Tupperware is planning on relaunching in the UK five decades after its first British sales party. But did the brand propel suburban women into the world of entrepreneurship or reinforce stereotypes?
It conjures up an era when throwing a party to sell airtight storage containers was the pinnacle of a lady's social calendar.
Think Tupperware, and the associations are of a retro, pre-feminist world in which housewives briefly put aside their aprons to discuss the best way to store their husband's dinner ingredients.
To its critics, the brand symbolises an era in which female lives revolved around domestic drudgery.
But to its latter-day enthusiasts, it represents a breakthrough by millions of ordinary women into the world of business which left a small but highly significant dent in the glass ceiling.
It was an effort that laid the foundations of a global empire. Today, Tupperware Brands Corporation boasts worldwide sales revenues of $2.1bn (£1.3bn) from across almost 100 countries.
Now the company is preparing for a marketing push in the the UK market after an eight-year absence. And what experts agree was crucial to achieving worldwide ubiquity for this practical product was the hitherto commercially untapped power of female friendship.
The famous Tupperware parties, at which the containers were sold, were prototype girls' nights in, as much about getting to know one's neighbours as they were about commerce.
Briefly liberated from their domestic routine, guests would play games such as "Waist Measurement" or "Write An Honest Advert To Sell Your Husband" before being sold Wonder Bowls and Ketchup Funnels.
From a 21st Century perspective, it may sound demeaning.
But according to Alison Clarke, professor of design history and theory at the University of Applied Arts, Vienna, and author of Tupperware: The Promise of Plastic in 1950s America, the parties were revolutionary in that they offered an alternative model for commercial success based around female co-operation rather than aggressive competition.
"The actual networks of Tupperware parties were about women helping other women and enabling them," Prof Clarke says. "It wasn't discussed as work - it was an extension of socialising.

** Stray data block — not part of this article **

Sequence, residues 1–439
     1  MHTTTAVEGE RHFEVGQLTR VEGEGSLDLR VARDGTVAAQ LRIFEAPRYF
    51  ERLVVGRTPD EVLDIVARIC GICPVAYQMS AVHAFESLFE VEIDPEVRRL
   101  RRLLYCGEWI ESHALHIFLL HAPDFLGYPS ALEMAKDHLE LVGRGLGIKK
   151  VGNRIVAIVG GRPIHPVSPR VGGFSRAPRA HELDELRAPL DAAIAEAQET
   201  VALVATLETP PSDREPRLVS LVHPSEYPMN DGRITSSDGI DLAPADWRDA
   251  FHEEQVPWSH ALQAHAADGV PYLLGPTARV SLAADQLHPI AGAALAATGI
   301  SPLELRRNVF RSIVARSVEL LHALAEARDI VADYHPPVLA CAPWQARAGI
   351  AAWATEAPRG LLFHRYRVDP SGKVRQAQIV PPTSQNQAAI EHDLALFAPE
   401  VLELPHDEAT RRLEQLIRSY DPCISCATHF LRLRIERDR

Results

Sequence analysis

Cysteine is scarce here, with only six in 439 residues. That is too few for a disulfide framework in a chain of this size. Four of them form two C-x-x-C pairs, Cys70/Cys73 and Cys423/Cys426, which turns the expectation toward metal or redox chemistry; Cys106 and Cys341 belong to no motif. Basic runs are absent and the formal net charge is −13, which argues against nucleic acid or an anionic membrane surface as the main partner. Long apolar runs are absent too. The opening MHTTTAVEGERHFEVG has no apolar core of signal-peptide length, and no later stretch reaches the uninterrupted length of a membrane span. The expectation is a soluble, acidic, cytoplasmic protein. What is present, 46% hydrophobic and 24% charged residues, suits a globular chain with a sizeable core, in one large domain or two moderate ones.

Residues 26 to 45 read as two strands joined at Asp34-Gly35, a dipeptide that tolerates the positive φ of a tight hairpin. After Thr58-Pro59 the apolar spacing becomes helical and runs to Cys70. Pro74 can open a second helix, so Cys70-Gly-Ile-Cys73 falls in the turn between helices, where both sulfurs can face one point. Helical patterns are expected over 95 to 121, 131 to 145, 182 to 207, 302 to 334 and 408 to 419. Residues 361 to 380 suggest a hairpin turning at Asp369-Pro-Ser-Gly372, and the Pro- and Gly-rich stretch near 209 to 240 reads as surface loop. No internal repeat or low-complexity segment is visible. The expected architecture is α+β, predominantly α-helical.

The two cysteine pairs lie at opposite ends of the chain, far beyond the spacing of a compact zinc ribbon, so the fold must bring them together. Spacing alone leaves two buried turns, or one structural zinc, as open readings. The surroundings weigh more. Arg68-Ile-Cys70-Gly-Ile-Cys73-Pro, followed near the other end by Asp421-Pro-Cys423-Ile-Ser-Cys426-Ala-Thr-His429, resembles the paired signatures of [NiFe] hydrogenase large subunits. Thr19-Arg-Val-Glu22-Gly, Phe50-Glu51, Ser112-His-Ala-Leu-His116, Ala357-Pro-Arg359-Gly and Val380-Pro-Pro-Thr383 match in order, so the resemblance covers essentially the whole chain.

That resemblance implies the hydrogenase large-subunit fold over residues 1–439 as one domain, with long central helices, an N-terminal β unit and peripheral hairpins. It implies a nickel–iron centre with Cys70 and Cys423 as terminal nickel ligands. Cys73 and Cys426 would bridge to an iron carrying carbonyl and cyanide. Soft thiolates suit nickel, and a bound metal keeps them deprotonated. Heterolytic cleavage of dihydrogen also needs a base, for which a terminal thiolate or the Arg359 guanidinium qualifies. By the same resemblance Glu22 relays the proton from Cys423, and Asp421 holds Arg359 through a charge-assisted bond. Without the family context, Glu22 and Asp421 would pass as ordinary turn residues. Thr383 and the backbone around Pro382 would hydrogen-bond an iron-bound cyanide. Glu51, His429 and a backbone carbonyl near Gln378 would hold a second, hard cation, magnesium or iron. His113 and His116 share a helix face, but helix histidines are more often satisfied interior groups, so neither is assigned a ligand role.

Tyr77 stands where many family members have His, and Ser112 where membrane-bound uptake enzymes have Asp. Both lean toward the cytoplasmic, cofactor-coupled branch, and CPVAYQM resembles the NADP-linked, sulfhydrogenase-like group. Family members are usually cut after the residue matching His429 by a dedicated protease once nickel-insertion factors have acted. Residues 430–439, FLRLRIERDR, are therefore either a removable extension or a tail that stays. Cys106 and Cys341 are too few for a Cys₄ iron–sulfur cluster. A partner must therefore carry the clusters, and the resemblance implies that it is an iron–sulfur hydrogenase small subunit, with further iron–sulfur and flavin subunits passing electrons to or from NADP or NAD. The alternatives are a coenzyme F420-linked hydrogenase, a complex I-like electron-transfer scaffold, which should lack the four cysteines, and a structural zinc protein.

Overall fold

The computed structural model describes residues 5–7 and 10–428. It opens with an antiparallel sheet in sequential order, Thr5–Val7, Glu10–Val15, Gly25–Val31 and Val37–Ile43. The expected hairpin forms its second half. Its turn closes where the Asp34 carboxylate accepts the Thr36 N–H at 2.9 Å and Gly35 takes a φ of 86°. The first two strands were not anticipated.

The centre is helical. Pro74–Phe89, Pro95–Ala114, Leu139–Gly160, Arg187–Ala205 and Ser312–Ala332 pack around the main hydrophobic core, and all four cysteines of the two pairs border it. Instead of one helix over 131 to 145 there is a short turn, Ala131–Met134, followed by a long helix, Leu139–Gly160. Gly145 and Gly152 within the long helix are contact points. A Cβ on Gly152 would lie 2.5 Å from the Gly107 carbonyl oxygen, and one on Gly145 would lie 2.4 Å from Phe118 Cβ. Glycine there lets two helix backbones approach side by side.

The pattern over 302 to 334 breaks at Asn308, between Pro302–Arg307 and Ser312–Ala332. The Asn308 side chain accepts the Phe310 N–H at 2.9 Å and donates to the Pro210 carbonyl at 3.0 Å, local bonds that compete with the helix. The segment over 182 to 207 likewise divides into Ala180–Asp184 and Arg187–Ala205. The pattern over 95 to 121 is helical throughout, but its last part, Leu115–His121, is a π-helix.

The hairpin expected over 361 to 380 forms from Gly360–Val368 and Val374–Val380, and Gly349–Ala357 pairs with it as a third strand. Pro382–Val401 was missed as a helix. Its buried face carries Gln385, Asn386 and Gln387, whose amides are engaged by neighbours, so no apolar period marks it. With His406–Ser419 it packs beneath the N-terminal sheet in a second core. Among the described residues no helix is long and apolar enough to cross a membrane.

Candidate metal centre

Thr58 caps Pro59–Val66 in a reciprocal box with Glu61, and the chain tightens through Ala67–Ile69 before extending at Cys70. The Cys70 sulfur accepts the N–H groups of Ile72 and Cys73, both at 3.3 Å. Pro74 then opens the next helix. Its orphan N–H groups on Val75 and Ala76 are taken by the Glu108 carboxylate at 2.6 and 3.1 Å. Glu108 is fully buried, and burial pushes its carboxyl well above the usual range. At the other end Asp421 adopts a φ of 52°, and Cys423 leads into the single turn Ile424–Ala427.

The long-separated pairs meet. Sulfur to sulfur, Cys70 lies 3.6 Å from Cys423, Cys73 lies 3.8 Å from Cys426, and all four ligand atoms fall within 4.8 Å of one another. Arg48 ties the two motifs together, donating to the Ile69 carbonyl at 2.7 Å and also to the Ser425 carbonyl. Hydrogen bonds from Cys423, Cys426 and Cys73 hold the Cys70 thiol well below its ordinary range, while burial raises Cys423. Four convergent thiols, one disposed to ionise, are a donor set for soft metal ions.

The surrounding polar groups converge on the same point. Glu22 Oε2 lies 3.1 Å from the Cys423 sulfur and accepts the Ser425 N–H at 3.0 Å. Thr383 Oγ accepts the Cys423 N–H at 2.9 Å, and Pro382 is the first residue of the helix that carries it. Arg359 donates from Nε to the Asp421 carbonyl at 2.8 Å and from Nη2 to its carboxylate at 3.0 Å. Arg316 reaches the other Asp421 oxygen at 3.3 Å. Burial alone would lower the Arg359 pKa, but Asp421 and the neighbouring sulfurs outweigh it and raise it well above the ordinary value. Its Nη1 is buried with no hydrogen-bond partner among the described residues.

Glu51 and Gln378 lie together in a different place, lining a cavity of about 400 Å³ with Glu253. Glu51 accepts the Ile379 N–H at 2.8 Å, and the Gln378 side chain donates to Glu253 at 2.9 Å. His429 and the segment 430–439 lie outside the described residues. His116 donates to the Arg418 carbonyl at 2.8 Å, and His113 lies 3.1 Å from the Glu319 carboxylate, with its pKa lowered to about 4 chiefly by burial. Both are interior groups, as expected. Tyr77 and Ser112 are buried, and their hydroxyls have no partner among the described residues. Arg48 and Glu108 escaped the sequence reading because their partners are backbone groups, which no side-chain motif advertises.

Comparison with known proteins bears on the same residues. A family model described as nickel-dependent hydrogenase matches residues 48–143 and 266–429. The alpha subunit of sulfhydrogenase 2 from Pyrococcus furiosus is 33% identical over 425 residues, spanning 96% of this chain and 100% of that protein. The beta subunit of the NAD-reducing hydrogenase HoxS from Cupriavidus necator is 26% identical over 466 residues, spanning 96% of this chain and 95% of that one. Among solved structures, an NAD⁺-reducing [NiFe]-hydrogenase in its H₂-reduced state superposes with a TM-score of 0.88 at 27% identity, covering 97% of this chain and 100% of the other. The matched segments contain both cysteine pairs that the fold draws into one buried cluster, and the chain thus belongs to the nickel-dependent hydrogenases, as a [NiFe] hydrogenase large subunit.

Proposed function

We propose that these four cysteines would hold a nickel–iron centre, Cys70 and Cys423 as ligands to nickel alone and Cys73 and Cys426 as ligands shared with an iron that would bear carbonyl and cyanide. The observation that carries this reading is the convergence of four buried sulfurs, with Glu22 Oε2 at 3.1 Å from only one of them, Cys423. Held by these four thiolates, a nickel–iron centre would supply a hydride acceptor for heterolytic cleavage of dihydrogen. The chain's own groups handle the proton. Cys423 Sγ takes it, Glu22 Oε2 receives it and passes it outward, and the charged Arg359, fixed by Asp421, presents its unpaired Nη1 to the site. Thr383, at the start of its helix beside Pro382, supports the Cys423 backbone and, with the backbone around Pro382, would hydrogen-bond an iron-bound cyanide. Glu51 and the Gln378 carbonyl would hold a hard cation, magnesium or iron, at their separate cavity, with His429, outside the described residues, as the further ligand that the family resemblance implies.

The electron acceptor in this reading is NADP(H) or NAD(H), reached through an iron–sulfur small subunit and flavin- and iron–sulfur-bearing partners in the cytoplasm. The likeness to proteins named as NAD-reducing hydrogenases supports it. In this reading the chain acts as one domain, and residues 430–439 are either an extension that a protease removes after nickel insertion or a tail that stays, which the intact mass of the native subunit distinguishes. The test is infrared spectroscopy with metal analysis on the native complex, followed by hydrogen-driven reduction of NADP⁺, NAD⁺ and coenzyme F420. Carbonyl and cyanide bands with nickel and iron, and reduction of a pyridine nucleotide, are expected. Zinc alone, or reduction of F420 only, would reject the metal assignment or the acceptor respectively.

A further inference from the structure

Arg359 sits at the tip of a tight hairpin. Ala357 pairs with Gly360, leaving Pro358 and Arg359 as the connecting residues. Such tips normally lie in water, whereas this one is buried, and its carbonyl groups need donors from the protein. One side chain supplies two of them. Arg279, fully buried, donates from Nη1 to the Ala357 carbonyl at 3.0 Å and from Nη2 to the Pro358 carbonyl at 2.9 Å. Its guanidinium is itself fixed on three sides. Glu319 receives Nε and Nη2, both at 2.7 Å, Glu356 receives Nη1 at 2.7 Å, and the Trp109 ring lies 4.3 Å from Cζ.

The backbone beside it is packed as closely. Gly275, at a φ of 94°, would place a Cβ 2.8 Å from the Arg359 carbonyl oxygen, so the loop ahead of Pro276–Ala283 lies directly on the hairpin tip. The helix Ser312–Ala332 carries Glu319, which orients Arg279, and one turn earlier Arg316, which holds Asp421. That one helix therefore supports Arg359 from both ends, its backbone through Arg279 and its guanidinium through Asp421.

"It was the antithesis of male corporate culture. It was the opposite of Mad Men."
Indeed, Tupperware - launched onto the market by inventor Earl Tupper in 1946 - had languished in the market until the intervention of the extraordinary proto-businesswoman who pioneered the company's "party plan".
Brownie Wise, abandoned by her husband, struggling to meet her sick son's medical bills, had begun selling the containers to make ends meet. By 1948 she was selling $1,500 (£915) of products every week and Tupper appointed her as his head of home sales.
The model quickly grew into a world-wide, multimillion-dollar success. Just as Tupperware was marketed as a space-age labour-saving component of the new consumer era, so too was Wise herself an early embodiment of post-war feminist demands that women should be given the opportunity to succeed in business.
In 1954 she was the first woman to appear on the front cover of Business Week magazine, pictured sitting in a peacock chair surrounded by young male executives. With her pink Cadillac and a canary dyed to match, her lace dresses and pet palomino pony, her public image married aspirational ambition with femininity.
Indeed, Prof Clarke argues that Wise symbolised the real beneficiaries of Tupperware, women who would not have found it easy to enter the world of business - very often those from ethnic minorities or divorcees, like Wise herself, who needed the work.
And it was a business model that proved successful around the world, the first British Tupperware party in Weybridge, Surrey in 1960 introducing UK suburbia to the Square Seal Freezer Box, the TV Tumbler and the Spindly-Legged Salt and Pepper Set.
But Wise also personified the precarious position of female executives in the era. In 1958 she was dismissed from her post, despite being the single biggest driving force in the company's success, apparently because the puritanical Tupper disapproved of her flamboyant lifestyle.
Indeed, critics of the Tupperware sales format argue that this brutal ejection reflects the way in which the business model ultimately exploited women.
Susan Vincent, professor of anthropology at Canada's St Francis Xavier University, says that rather than breaking down barriers, Tupperware perpetuated gender stereotypes.
"It always assumed a close association between women and the domestic sphere," she says.
"Plus, the exploitation of social networks is ultimately quite destructive. It relies on family and friends - not for social support, but it commercialises them."
It was, however, a formula that proved commercially successful. By the 1990s, 90% of US homes owned at least one item of Tupperware.
Yet in the UK, as the notion of women earning their own money became more familiar, sales began to drop off.
Other companies which adopted the party format, such as Ann Summers and the Body Shop, were able to entice guests with a focus on indulgence rather than housewifely duty.
In 2003, Tupperware parties were axed in Britain with the loss of 1,700 jobs.
Now, however, the company is preparing to re-enter the UK market. Richard Brett of London public relations agency Shine, which has been hired by Tupperware to spearhead its re-launch, believes a crucial component of the Tupperware brand is the role it played in bringing about social change.
"Part of Tupperware's whole story is the way they have empowered women historically, and still do so today all over the world," he says.
Not everyone would agree that its legacy was so positive. For others, however, Tupperware will always come with a seal of approval.